About the Speaker: Daniel M. Smith is an associate professor of comparative politics in the Department of Government at Harvard University. His research focuses on the impact of political institutions, especially electoral systems and candidate selection processes, on aspects of democratic representation and behavior. He is the author of Dynasties and Democracy: The Inherited Incumbency Advantage in Japan (2018), coeditor of Japan Decides 2017: The Japanese General Election (2018), and has published research articles in several journals, including the American Political Science Review, Journal of Politics, Political Analysis, and Comparative Political Studies.
"Unleashing the Economic Power of Women"
Wednesday, September 26| 2-3:30 PM
UH Student Center - Downtown Room 261
Vice President for Administration and Finance and CFO Cynthia Huger speaks about the Millennium Challenge Corporation’s (MCC) work to promote economic development and women’s economic empowerment. MCC is an innovative and independent U.S. foreign aid agency that is helping lead the fight against global poverty.
"Political Economy of Conflict and Cooperation" Conference
June 1-2 https://bit.ly/2GUAEgC
Classroom and Business Building (CBB), Room 104
The presentations and discussion will cover a range of topics in international affairs, including the causes and consequences of international and internal conflict; domestic and international determinants of political risk; and the roles of both institutions and leaders in global affairs. Here is a link to the conference schedule and papers: https://bit.ly/2GUAEgC
The lineup of participants includes: Jonas Bunte (University of Texas, Dallas), Terry Chapman (University of Texas, Austin), Tyson Chatagnier (University of Houston), William Clark (Texas A&M University), Mark Crescenzi (University of North Carolina, Chapel Hill), Tanya Bagashka (University of Houston), Ben Fordham (Binghampton University), Matthew Fuhrmann (Texas A&M University), Erik Gartzke (University of California, San Diego), Nathan Jensen (University of Texas, Austin), Hyeran Jo (Texas A&M University), Ryan Kennedy (University of Houston), Katja Kleinberg (Binghampton University), Ulkar Imamverdiyeva (University of Houston), Edward Mansfield (University of Pennsylvania), Patrick McDonald (University of Texas, Austin), Nikolay Marinov (University of Houston), Pablo M. Pinto (University of Houston), Emily Sellars (Texas A&M University), Gerald Schneider (University of Konstantz), Patrick Shea (University of Houston), Cameron Thies (Arizona State University), Rachel Wellhausen (University of Texas, Austin), and Sunny Wong (University of Houston).
"Renewables: The Politics of a Global Energy Transition"
Thursday, April 26
Wind and solar are the most dynamic components of the global power sector. How did this happen? After the 1973 oil crisis, the limitations of an energy system based on fossil fuels created an urgent need to experiment with alternatives, and some pioneering governments reaped political gains by investing heavily in alternative energy such as wind or solar power. Public policy enabled growth over time, and economies of scale brought down costs dramatically. Urpelainen and Aklin’s book offers a comprehensive political analysis of the rapid growth in renewable wind and solar power, mapping an energy transition through theory, case studies and political analysis.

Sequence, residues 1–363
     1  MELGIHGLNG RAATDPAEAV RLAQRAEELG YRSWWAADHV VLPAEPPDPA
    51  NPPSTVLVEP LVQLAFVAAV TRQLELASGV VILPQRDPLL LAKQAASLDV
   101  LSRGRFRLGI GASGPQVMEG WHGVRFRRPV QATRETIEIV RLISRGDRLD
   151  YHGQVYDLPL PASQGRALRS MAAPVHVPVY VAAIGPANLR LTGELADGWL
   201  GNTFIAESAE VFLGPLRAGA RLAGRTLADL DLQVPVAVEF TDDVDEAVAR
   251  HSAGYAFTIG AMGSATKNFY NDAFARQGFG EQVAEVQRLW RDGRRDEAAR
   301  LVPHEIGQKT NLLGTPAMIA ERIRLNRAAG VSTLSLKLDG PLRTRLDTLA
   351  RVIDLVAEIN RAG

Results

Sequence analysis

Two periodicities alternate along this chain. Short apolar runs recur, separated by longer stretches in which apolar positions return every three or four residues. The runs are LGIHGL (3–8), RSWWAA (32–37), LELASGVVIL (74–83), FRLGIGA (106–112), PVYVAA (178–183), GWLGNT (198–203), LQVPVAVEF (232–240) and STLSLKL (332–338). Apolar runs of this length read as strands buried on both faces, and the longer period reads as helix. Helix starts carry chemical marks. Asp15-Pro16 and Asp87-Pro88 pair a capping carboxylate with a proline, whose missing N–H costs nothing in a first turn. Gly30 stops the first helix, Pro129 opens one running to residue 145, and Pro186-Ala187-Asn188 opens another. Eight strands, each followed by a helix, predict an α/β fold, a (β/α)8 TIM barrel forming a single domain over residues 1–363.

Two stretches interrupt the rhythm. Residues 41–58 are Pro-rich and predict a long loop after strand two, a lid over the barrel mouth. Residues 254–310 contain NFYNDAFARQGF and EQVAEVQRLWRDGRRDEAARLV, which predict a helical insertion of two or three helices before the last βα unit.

About the speaker: Johannes Urpelainen is the Prince Sultan bin Abdulaziz Professor of Energy, Resources and Environment at Johns Hopkins SAIS and the Founding Director of the Initiative for Sustainable Energy Policy (ISEP). He received his Ph.D. in Political Science from the University of Michigan in 2009 and spent the next eight years at Columbia University. Johannes is the award-winning author of four books and over a hundred refereed articles on environmental politics, energy policy, and global governance. At SAIS, he teaches action-oriented classes on energy and environmental policy to equip the next generation of global leaders with deep knowledge, advanced analytical skills — and a passion for transformational social change. One of the world’s top energy policy experts, Johannes frequently advises governments, international organizations, and the private sector on energy and environment. As the Founding Director of ISEP, Johannes is responsible for the vision, strategy, and general management of the initiative. His work under ISEP offers pragmatic but effective approaches to providing the world’s population with affordable and abundant energy at minimal environmental impact.
Co-sponsored with UH Energy
Juan Pablo Micozzi
Friday, April 13
About the speaker: Juan Pablo Micozzi, is an Associate Professor in Political Science, Instituto Tecnológico Autónomo de México. He received his Ph.D. in Political Science from Rice University. Professor Micozzi’s is an expert in comparative politics, with primary focus in Latin American countries. His research agenda is centered on the areas of legislative politics, representation, and federalism. His work has been published in the Journal of Politics, Comparative Political Studies, Legislative Studies Quarterly, and Journal of Theoretical Politics, among others.
Thursday, March 8, 2018
Abstract: During the 1980s, trade with Japan became a U.S. political issue. "Japan Bashing", in which destruction of Japanese products tool place in public, was widespread but eventually faded in the 1990s. We utilize a unique U.S. county-level Japanese FDI dataset and examine the impacts FDI and import competition had on the share of votes won by the respective Republican and Democratic presidential candidates. Our results from the 1976-1992 period suggest that counties that hosted FDI were more likely to vote for the Republican candidate and those counties whose industries were Japanese competitors were more likely to support the Democratic candidate.
Friday, February 09, 2018